Europe's press had feared a "Black Friday" and a "Black Friday" is what they got.

But as the pound plunged, global markets collapsed and a prime minister resigned, the continent's media could not ignore Britain's striking electoral map. Scotland, all 32 regions of Scotland, had voted to stay in Europe.

But Scotland was not staying in Europe.

Read more: David Cameron resigns as Prime Minister following Brexit

"Constitutional Crisis in Scotland," declared Paris's Le Monde. "The scenario forecast by Scottish nationalists has come to pass," the paper reported. "Scotland largely voted to remain in the EU but will have to leave because of a choice made by England."

Le Monde


Its Paris rival Le Figaro said: "Scotland wants to stay in the EU. Unlike England And Wales, Scotland largely voted in favour of Remain. Thus, Brexit could justify the organisation of a new independence referendum."

Read more: Britain votes to leave European Union despite Scotland wanting to Remain

La Tribune de Geneve in Switzerland was even starker. Its headline: "Referendum underlines the growing split between Scotland and England."


El Espanol in Spain was talking about independence, but not of the kind proclaimed by UKIP leader Nigel Farage. "Brexit moves Scotland closer to its independence," it headlined online, raising the prospect of Scotland going independent and staying in the European Union. "The spectre of secession rides again," it reported. "Yesterday's may have been the last British sunset in the European club - morally speaking, because the red tape of divorce could take a decade. But we have still to see if the Scots will separate from their neighbours on the other side of the Channel."

Read more: JK Rowling - Scotland will see independence after Brexit

El Mundo, another Spanish paper, headline was "United Kingdom, a disunited country. Scotland and Northern Ireland have threatened to abandon England and Wales in order to stay in the EU." It added: "The UK was woken up this Friday to find itself a profoundly divided country."

La Stampa


La Stampa in Italy was also big on the "I" word. "And now Scotland re-opens its battle for independence," it headlined. "Scotland has woken up today outside the European Union having just voted to stay in. This has now opened a drama in a drama, because talk has already turned to a new referendum on independence and the departure of the United Kingdom from the land of Braveheart.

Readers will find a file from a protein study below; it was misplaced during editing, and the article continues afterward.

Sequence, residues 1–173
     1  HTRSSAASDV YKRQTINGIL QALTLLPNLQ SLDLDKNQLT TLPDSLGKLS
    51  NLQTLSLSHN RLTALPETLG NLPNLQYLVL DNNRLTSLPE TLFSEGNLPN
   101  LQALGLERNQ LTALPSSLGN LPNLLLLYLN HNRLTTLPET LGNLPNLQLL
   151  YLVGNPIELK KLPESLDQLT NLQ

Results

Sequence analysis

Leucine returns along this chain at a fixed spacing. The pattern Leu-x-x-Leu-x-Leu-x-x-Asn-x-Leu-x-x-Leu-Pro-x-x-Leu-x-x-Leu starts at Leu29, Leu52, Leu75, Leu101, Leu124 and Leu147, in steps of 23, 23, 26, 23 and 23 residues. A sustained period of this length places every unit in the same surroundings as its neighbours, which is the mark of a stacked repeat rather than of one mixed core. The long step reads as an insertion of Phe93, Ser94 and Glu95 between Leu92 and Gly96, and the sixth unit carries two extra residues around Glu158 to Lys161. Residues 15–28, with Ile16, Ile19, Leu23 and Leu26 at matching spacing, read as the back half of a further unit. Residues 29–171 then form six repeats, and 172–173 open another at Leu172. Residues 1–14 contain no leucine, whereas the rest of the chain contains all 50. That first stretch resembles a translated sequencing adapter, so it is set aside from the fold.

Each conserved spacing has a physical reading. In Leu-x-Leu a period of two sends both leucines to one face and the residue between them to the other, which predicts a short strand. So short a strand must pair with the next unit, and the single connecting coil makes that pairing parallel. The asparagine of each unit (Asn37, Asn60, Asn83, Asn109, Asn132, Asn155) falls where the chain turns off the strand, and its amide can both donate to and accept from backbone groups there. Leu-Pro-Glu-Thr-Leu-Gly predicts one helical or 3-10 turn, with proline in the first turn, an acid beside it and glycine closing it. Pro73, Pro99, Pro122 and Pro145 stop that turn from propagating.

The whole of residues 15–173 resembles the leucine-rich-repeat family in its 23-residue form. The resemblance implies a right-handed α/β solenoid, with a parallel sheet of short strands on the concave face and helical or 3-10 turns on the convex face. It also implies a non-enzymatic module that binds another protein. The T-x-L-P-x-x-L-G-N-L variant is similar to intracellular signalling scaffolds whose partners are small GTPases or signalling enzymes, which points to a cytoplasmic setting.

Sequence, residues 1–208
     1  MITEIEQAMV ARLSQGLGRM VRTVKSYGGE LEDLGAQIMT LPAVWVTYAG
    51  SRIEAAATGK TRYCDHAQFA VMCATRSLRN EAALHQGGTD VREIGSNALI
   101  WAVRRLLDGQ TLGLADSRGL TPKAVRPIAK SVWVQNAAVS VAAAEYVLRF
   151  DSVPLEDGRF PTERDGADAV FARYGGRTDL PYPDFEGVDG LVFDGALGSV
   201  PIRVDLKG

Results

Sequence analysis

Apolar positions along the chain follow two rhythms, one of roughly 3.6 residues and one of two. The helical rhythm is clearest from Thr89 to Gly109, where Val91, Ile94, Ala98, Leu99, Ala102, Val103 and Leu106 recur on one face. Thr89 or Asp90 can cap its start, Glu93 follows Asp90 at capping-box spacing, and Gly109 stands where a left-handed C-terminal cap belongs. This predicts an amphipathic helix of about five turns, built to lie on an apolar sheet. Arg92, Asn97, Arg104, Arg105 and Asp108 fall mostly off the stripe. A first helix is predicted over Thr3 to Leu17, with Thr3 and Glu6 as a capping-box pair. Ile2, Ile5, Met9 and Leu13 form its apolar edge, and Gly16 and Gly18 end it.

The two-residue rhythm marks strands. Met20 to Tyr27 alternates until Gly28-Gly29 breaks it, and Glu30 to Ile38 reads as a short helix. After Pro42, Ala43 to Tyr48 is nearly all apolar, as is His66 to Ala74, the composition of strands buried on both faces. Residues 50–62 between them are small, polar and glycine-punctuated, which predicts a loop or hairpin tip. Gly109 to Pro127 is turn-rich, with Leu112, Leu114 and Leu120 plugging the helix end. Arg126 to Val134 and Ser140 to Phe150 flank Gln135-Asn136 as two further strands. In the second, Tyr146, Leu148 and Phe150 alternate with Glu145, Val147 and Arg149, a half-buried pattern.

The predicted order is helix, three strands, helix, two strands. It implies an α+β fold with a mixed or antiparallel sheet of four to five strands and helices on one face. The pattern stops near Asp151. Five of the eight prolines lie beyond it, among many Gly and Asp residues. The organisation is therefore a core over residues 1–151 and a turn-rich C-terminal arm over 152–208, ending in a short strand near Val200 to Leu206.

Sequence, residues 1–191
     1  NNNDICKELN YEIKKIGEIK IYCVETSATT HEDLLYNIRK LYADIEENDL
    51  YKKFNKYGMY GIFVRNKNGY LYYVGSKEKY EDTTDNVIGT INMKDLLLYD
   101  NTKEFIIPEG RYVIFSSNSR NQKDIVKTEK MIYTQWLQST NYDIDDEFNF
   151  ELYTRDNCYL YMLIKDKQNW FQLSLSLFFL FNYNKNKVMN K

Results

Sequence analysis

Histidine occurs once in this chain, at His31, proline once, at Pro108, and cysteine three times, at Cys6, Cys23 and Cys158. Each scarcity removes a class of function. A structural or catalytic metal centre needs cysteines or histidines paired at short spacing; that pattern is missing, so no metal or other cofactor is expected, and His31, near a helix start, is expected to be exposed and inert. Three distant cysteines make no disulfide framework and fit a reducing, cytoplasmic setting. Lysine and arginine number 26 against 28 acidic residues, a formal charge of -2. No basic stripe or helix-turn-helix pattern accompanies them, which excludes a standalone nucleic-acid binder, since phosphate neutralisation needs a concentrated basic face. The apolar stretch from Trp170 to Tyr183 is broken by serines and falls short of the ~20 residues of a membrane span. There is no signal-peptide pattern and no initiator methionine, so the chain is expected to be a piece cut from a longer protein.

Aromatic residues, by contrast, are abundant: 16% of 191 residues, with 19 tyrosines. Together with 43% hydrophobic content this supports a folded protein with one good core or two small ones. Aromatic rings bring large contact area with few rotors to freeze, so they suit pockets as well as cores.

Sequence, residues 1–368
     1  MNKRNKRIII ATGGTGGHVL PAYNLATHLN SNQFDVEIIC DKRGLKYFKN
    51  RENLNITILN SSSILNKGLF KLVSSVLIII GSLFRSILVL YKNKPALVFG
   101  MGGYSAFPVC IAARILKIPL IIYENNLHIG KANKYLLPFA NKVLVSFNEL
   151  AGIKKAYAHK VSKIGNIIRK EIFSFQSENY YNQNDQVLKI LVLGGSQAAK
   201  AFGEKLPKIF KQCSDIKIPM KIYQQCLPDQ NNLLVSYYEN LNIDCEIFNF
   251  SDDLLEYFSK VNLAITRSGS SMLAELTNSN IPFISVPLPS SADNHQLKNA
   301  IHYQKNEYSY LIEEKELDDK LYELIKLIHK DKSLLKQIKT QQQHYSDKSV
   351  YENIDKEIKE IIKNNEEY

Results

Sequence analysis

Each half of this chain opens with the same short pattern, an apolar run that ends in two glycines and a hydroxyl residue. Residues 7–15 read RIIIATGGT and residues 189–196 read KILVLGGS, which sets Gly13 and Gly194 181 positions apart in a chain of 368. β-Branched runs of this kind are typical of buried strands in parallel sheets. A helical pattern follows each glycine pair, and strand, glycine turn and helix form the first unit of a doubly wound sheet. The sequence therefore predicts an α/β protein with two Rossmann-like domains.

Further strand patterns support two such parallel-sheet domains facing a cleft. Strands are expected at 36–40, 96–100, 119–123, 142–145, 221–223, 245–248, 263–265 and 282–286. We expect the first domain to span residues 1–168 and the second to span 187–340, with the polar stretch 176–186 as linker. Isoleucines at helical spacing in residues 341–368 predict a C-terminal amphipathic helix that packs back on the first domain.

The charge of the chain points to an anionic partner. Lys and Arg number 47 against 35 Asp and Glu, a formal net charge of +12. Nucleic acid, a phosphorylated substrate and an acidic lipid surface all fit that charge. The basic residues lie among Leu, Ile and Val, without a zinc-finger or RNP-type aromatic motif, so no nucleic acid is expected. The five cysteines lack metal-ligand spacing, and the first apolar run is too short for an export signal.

Italian state broadcast RAI also ran a story asking if there would be another referendum. It quoted Nicola Sturgeon saying Scotland's vote had been "clear and unequivocal." She said: "The future of Scotland is in the European Union."

The New York Times said Brexit with all 32 regions of Scotland voting against it had "created an immediate political dilemma for Scotland, which in a referendum in September 2014 voted against secession from the United Kingdom".

It added: "Scotland, which has been legally in union with England and Wales since 1707, is considered the most pro-European part of the United Kingdom, and the decision by British voters to leave the 28-member European Union could prompt a second independence vote."

Nicola Sturgeon

HeraldScotland: Nicola Sturgeon

The Washington Post headlined "Scotland threatens secession from U.K. over Brexit vote to leave EU" over a picture of a smiling Nicola Sturgeon. "It reported: "Thursday’s victory for Leave may do more than break up the European Union — it may break up the United Kingdom itself."

The paper added that "ironically" Scots had been told they could be forced out of the EU if they voted for independence in 2014.

More international press analysis from David Leask

America's NBC said: "Scotland's pro-independence leaders appeared poised to seek a new referendum on quitting the U.K."

But it immediately refreshed its viewers memories about some of the angst America experienced over the last indyref.

"The issue is seen as important in Washington — and not just due to the historic "special relationship" with the U.K.; Scotland is currently home Trident missiles, a key plank of NATO's nuclear deterrent.

"Scotland's nationalist government wants to ban nuclear weapons on moral grounds within four years of gaining independence.

"This would force London to relocate the weapons to alternative bases in England or return the weapons to the U.S., costing billions of dollars and creating upheaval precisely at a time of heightened regional security concern."


The Irish Times too raised the prospect of a new independence referendum. Its correspondent reported: "Scotland sees its future firmly in the European Union, its leader said on Friday as most of the rest of Britain voted to leave, raising the spectre of a new independence vote and the possible dissolution of the United Kingdom."

Ireland, however, remains more concerned about the fate of the six counties, which, like Scotland, voted to stay in the EU.

Australia's Channel 9 News asked if another independence referendum was on the cards. It cited a Global Politics expert James Goodman, from the University of Technology Sydney, saying: "Scottish nationalists have been pro-European for many years.

"For Scotland, the links with the UK are very strong. I’d imagine they’d want a rebalancing of that relationship. This is certainly a gift for Scottish nationalists."

In Catalonia, La Vanguardia headlined that the "triumph of Brexit threatened the unity of Britain".

Many international media outlets carried the words of JK Rowling. "After Brexit, Scotland will bid farewell to the United Kingdom," said news site Noticias ao Minuto citing the writer.